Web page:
store keys so in some sense ``last node'' is the last (significant) node.

**Homework:** R-2.11, R-2.14

With a heap it is clear where the minimum is located, namely at the
root. We will also use a reference to the **last**
node since insertions will occur at the first node after last.

**Theorem**:
A heap storing n keys has height ⌈log(n+1)⌉

**Proof**:

- Let h be the height of the tree and note that n is the number of internal nodes.
- Levels 0 through h-2 are full and contain only internal nodes (which contain keys).
- This gives 1+2+4+...+2
^{h-2}keys. **Homework:**Show this is 2^{h-1}-1 keys.- Level h-1 contains between 1 and 2
^{h-1}internal nodes each containing a key. - Level h contains no internal nodes.
- So (2
^{h-1}-1)+1 ≤ n ≤ (2^{h-1}-1)+2^{h-1} - So 2
^{h-1}≤ n ≤ 2^{h}-1 - So 2
^{h-1}< n+1 ≤ 2^{h} - So h-1 < log(n+1) ≤ h
- So ⌈log(n+1)&rceil = h

**Corollary**: If we can implement insert and
removeMin in time Θ(height), we will have implemented the
priority queue operations in logarithmic time (our goal).

Illustrate the theorem with the diagrams above.

Since we know that a heap is complete, it is efficient to use the
vector representation of a binary tree. We can actually not bother
with the leaves since we don't ever use them. We call the last node w
(remember that is the last internal node). Its index in the vector
representation is n, the number of keys in the heap. We call the
first leaf z; its index is n+1. Node z is where we will insert a new
element and is called the **insertion position**.

This looks trivial. Since we know n, we can find n+1 and hence the reference to node z in O(1) time. But there is a problem; the result might not be a heap since the new key inserted at z might be less than the key stored at u the parent of z. Reminiscent of bubble sort, we need to bubble the value in z up to the correct location.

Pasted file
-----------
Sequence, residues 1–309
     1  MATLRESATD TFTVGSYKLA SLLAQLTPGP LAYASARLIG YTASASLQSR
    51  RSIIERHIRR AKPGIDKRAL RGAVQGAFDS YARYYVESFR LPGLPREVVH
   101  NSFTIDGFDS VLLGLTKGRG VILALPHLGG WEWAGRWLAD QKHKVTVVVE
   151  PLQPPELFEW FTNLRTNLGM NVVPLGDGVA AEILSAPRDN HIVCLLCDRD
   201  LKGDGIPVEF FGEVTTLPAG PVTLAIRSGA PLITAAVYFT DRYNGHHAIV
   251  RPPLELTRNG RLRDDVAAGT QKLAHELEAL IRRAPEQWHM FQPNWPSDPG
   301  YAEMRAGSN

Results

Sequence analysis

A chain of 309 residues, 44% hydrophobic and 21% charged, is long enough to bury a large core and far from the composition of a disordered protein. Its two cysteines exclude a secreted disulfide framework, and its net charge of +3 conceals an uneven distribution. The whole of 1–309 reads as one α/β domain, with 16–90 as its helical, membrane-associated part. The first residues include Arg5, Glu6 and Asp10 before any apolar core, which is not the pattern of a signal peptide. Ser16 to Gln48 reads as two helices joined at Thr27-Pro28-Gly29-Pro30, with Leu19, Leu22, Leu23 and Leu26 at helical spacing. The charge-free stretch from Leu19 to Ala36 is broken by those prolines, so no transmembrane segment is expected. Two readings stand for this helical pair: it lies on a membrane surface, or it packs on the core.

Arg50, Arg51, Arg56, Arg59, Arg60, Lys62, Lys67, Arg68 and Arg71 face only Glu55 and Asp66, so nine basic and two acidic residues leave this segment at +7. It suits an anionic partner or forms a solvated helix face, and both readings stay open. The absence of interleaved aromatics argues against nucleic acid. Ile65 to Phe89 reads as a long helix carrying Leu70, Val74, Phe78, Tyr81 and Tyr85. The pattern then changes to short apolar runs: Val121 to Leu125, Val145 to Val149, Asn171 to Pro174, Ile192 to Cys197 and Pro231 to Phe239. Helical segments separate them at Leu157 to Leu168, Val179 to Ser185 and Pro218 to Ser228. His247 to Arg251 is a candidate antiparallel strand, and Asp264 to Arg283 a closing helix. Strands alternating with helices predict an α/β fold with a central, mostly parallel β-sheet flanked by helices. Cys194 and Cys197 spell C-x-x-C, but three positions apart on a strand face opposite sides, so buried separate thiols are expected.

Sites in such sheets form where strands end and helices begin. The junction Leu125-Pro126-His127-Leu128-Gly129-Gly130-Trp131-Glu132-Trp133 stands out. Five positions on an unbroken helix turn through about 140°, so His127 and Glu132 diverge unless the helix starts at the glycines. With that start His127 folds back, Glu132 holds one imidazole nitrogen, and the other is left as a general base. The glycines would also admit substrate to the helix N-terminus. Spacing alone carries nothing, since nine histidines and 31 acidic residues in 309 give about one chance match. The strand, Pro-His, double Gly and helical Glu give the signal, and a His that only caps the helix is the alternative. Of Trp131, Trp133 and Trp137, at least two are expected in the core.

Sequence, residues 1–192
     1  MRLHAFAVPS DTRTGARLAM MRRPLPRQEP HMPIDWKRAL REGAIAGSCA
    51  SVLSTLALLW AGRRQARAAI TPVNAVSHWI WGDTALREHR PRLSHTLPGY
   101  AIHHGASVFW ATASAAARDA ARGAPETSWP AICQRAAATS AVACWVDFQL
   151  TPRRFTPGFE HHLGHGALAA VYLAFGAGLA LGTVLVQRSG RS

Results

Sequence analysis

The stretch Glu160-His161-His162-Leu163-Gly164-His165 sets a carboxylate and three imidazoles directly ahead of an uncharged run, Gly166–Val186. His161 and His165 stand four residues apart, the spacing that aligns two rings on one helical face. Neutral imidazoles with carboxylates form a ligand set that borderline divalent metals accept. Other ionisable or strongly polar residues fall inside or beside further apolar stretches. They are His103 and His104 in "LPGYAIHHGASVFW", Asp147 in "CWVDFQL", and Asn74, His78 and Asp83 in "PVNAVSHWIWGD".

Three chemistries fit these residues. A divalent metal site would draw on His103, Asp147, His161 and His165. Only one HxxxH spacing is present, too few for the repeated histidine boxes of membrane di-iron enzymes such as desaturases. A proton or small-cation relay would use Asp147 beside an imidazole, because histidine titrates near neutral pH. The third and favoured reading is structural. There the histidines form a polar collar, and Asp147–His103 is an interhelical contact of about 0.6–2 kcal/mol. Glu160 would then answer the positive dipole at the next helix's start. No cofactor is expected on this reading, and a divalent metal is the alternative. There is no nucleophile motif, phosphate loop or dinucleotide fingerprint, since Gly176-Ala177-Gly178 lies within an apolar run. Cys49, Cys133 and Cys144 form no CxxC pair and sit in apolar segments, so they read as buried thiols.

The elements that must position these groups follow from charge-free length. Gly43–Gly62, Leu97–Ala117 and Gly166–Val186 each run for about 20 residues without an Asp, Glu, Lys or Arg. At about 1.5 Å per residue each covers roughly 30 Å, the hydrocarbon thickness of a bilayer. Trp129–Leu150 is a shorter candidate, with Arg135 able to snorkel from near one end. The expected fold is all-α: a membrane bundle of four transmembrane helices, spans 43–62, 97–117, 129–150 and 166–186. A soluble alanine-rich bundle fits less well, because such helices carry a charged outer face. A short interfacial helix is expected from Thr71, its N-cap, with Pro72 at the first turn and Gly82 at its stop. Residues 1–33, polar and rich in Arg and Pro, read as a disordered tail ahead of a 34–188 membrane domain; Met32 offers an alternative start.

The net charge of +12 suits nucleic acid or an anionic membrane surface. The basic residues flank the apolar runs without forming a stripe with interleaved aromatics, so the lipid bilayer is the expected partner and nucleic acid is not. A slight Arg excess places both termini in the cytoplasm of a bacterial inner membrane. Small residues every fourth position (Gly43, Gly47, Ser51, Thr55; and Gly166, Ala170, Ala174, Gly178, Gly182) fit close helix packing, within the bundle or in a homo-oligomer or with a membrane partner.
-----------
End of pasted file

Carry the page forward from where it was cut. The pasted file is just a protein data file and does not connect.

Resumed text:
We compare key(z) with key(u) and swap the items if necessary. In the diagram on the right we added 45 and then had to swap it with 70. But now 45 is still less than its parent so we need to swap again. At worst we need to go all the way up to the root. But that is only Θ(log(n)) as desired. Let's slow down and see that this really works.

- We had a heap before we inserted the new element.
- When we insert the new element it can ruin the heap because it is too small (i.e. smaller than its parent),
- So the blue node is the problem.
- Since blue is smaller than its parent, we swap them. Call the parent the victim.
- Two nodes have been swapped we have four things to check:
For each of these two nodes we must see that it is not larger
than its new children and not smaller than its new parent.
- The blue node is definitely not larger than its new children: One child is the victim, which we know is larger than the blue. The other child was not smaller than the victim so is surely not smaller than the blue.
- The blue node might be smaller than its new parent. Indeed in the diagram on the right it is. That is why we have to keep bubbling up.
- Before we did the insert, we had a heap so at that point the victim was not larger than all its descendents. But after the swap, all of the children of the victim were descendents of the victim before.
- The victim is definitely not smaller than its new parent, which is the blue.

Great. It works (i.e., is a heap) and there can only be O(log(n)) swaps because that is the height of the tree.

But wait! What I showed is that it only takes O(n) steps. Is each step O(1)?

Comparing is clearly O(1) and swapping two fixed elements is also O(1). Finding the parent of a node is easy (integer divide the vector index by 2). Finally, it is trivial to find the new index for the insertion point (just increase the insertion point by 1).

Allan Gottlieb